Did you see that report in the Telegraph: Twenty Tweets to make your Toes Curl? It makes interesting reading for anyone who regularly uses Twitter, as I do. Based on a Debrett's guide to remaining civil online, the basic premise seems to be that under the PC or Smart Phone cloak of anonymity we can and do say things we'd never dream of saying face-to-face.
Which might, of course, be a good thing. Because sometimes social situations force us to censor what we should be open and honest about saying. ('That cake was, well... frankly dreadful. Please don't bake it again.')
But... Ah, but. They've got a point, haven't they, about online conversations? My elder daughter recently attained the qualifying age for Facebook. (Not that age seems to matter that much; there are kids on there she knows - younger siblings of her friends - who seem to be as young as seven!) Anyway, the point is not all the status updates that she reads are well, as pleasant as they might be. Neither are they all that accurate. She's a strong girl, and with a shake of her head she simply deleted her account when it all got a bit too much. None of the nastiness was directed at her; but she couldn't reconcile the smiles in the corridor at school with the slightly sinister bitching that seemed to emanate from certain people's bedrooms in the evening.
I'm sure it's the same across all forms of social media. Twitter is a lovely, friendly world most of the time but I've witnessed the occasional Twitter spat. And that's not all. As the Telegraph article states, there are a few other things that don't make for very edifying reading: self-promotion (guilty), tweeting about household chores (guilty); 'What Did I Miss?' tweets (guilty); teasers (guilty).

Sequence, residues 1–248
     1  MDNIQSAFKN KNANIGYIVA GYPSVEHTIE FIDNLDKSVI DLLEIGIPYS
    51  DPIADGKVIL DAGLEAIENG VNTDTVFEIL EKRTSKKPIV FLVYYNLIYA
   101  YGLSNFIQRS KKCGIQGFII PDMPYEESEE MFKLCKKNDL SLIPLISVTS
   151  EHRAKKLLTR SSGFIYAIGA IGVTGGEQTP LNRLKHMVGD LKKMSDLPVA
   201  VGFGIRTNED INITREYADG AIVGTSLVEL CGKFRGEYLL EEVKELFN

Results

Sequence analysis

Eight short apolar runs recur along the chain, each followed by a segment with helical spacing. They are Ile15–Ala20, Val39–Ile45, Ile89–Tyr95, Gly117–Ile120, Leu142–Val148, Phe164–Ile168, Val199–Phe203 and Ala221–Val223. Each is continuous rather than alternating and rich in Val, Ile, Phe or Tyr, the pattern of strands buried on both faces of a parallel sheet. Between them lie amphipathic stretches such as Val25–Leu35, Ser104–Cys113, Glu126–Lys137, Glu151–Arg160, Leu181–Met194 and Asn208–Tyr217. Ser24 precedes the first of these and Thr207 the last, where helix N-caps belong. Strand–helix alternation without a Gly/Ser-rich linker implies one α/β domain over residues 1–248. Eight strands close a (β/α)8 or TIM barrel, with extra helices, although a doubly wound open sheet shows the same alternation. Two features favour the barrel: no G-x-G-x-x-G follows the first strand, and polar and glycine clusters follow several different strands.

Oh dear. On this evidence I'm going to have to seriously re-think my tweeting policy. On the other hand there are quite a few of the social media solipsism's I don't believe I've ever done, like one-word tweets ('Help!'); tweets about sex or my own personal bête noire: 'I'm bored.' As the article says, 'you're on the internet; go learn something.'
I do believe Twitter is a force for good. Look at the role it's played in mobilising protest movements, even changing governments. And I like online friendships. Twenty years ago you had to make do with the people you worked with, had shared a classroom with or met at the tennis club. Now you can really find those people who share your interests and outlook on the world. It's wonderful!
And so are some of their tweets. Here's a random selection of just three from my recent time-line:
@MikeJarman: what if space is like the groves on an LP. We measure the track from A to B along the groove. Whereas, neutrinos may track directly?
@leni_lava: Fag SIR! Please SIR! me SIR!? (you had to be there!)
@sundayhandbag: Independent schools have always been much better at discipline than state schools. ;) (this in response to my tweet about having read that Sevenoaks School has a Master in charge of Shooting)
All good stuff. And there's plenty more where that came from.
But what about you? What kind of tweets makes your toes curl? And which - or whose - are the best?